- designating existing non-executive directors to represent key interested groups, such as employees
- creating stakeholder advisory panels
- appointing individual stakeholder representatives to company
Anyone familiar with the member-nominated trustee regime will have some familiarity with the pros and cons of some of these options in terms of seeking fairly to represent interests of a scheme’s beneficiaries (which can include the sponsoring employer as well as the members), without derogating from the principle that all directors/trustees are equal and have equal duties
The outcomes proposed to be taken forward following the consultation are:
- introducing regulations to require all private and public companies of significant size to explain how their directors comply with the requirements of CA 2006, s 172 to have regard to employee and other interests
- asking the FRC to consult on a new code principle establishing the importance of strengthening the voice of employees and other non-shareholder interests at board level, including requiring premium listed companies to adopt on a ‘comply or explain’ basis one of three employee engagement mechanisms:
- a designated non-executive director
- a formal employee advisory council
- a director from the workforce
- encouraging industry-led solutions by asking the Institute of Chartered secretaries and administrators and the investment association to complete their joint guidance on practical ways in which companies can engage with their employees and other stakeholders, and asking the GC100 group of the largest listed companies to publish new advice and guidance on the practical interpretation of the directors’ duties in CA 2006, s 172
- seeking to put in place a voluntary set of corporate governance principles for large private companies (with contributors including the FRC, the Confederation of British Industry, British venture capital association and Institute of directors)
- introducing regulations to require companies of a significant size (and possibly also limited liability partnerships) to disclose their corporate governance arrangements in their directors’ report online
So some bark, but not necessarily much bite from the pensions industry’s point of view. And nothing explicitly driven by the pension scheme potentially being a company’s largest unsecured creditor—although I would expect many of the industry bodies being invited to participate in shaping the new regime to have the expertise and motivation to shape this debate further.
How has the pensions industry responded to the government’s proposals?
Response from the pensions industry has been fairly muted to date. However, the most high profile comments have probably come from national association, the pensions and lifetime savings association (PLSA), who responded both to the green paper and also provided written evidence to the DBEIS Select Committee. Broadly, the PLSA supported better corporate governance on the basis this leads to more successful companies (in whom, pension funds are invested) and was in favour of the strategic report section in a company’s annual report highlighting the key risks and opportunities from working practices, stakeholder relationships and corporate culture. On the latter, the PLSA would like to see a change of corporate culture in the UK by a move away from a focus on short term profitability to, instead, delivering the best possible outcome to all stakeholders (including, directly or indirectly pensions savers) over the long term. In terms of executive pay, the PLSA favoured more transparency in disclosing executive pay and pay ratios, building on its own 2016 stewardship toolkit, which set out recommended standards for corporate reporting of employment practices and workforce characteristics. In terms of strengthening the stakeholder voice on corporate boards, the PLSA saw the merits in both options of stakeholder advisory panels and appointing stakeholder representatives to the board, provided that these were combined with reporting obligations to inform shareholders on stakeholder relations.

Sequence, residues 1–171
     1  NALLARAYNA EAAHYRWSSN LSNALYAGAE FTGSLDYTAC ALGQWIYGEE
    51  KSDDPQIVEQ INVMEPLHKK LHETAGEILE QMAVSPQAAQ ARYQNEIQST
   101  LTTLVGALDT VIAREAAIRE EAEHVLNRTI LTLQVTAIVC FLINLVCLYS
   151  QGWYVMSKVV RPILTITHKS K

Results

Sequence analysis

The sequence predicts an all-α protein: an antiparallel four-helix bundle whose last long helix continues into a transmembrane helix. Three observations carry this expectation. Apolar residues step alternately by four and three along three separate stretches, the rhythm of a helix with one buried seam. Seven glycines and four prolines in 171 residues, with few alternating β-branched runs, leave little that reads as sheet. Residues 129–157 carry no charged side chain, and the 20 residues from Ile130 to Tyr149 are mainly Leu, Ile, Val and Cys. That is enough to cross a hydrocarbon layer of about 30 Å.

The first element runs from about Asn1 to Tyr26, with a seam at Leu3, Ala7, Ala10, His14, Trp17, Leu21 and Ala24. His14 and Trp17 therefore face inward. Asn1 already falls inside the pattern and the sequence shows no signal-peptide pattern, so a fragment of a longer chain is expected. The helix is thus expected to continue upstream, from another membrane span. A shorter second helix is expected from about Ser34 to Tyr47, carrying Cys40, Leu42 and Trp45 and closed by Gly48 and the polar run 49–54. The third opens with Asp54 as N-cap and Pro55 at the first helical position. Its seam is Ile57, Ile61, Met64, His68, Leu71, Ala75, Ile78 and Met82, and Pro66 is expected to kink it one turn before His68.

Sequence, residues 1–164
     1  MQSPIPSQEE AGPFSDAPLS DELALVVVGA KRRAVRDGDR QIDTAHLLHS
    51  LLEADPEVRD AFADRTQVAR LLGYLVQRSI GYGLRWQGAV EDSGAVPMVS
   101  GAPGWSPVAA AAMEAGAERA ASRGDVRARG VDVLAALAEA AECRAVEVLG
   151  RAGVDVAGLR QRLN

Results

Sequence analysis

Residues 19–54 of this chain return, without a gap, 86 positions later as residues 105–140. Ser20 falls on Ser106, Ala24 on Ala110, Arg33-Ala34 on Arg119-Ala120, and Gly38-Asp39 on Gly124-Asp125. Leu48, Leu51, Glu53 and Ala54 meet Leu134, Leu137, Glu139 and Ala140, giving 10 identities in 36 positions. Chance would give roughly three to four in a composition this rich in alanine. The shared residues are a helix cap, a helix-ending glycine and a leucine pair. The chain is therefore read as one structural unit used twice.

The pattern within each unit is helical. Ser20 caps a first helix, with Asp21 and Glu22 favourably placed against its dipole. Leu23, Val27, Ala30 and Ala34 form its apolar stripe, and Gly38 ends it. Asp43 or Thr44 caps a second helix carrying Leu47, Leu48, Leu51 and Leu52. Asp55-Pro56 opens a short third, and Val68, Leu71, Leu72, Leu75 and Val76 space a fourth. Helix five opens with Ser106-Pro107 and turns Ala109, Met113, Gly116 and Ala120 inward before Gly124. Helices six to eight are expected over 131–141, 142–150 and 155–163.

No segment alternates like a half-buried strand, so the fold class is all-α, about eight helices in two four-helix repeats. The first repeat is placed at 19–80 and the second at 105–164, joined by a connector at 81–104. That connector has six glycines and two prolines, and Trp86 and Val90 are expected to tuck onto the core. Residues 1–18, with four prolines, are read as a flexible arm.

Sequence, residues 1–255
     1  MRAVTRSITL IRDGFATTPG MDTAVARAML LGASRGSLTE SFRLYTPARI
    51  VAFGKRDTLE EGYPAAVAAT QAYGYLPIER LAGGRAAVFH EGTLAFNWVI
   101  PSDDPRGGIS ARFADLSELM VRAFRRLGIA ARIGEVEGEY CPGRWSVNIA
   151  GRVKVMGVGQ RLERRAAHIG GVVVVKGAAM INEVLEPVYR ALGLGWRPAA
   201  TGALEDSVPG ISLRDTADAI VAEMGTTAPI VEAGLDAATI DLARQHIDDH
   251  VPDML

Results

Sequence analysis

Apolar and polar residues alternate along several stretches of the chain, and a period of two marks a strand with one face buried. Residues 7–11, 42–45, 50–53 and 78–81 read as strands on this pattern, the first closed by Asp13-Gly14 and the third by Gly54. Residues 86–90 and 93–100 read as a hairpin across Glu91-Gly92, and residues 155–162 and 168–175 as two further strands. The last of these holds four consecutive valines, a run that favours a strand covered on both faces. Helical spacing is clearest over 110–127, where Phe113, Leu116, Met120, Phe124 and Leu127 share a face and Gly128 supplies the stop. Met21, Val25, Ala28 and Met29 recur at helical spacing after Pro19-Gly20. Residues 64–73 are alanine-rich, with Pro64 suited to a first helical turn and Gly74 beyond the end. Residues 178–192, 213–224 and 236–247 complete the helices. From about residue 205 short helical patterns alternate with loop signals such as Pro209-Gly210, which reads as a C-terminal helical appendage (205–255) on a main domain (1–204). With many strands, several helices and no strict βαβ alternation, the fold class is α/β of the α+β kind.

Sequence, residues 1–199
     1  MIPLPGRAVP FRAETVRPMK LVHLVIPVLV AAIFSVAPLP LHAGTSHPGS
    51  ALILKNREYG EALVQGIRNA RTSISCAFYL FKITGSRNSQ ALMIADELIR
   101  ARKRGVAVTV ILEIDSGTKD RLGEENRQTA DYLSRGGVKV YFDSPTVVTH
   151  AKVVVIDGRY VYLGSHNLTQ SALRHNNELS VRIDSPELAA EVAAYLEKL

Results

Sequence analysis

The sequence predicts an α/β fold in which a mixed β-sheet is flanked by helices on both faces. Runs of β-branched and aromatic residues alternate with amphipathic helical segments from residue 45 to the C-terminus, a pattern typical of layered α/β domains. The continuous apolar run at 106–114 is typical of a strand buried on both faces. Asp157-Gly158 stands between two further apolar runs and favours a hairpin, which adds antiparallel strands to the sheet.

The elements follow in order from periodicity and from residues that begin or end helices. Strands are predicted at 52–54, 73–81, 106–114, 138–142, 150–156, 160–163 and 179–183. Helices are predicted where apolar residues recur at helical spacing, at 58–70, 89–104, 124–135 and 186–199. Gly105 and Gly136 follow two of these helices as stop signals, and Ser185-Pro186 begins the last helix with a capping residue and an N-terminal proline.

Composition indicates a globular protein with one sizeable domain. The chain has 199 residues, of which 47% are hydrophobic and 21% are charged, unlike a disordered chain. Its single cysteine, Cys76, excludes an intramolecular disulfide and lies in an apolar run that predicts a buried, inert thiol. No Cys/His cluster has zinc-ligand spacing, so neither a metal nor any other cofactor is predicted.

What is the timetable for implementation of the changes? What are the government’s next steps?
What had been announced are some new statutory instruments, but also voluntary industry action and further consultation—with a stated aim to bring reforms into place by June 2018 to apply to company reporting years on or after that date. This is an ambitious timeframe. But the FRC is planning on consulting on amendments to the UK Corporate Governance Code in late autumn, and the new regulations are expected to go before Parliament by March 2018.
In the meantime, we can expect the joint Director of Work and Pensions/DBEIS pensions committee to continue its inquiries and, as usual, make its views widely known.
Interviewed by Kate Beaumont
This article was first published on Lexis®PSL Pensions on 5 October 2017. Click for a free trial of Lexis®PSL.
The views in this article are intended for general information purposes only and should not be used as a substitute for professional advice. ARC Pensions Law and the author(s) are not responsible for any direct or indirect result arising from any reliance placed on content, including any loss, and exclude liability to the full extent. Always seek appropriate legal advice from a suitably qualified lawyer before taking, or avoiding taking, any action. If you have any questions on the points raised in the above, please do not hesitate to get in touch.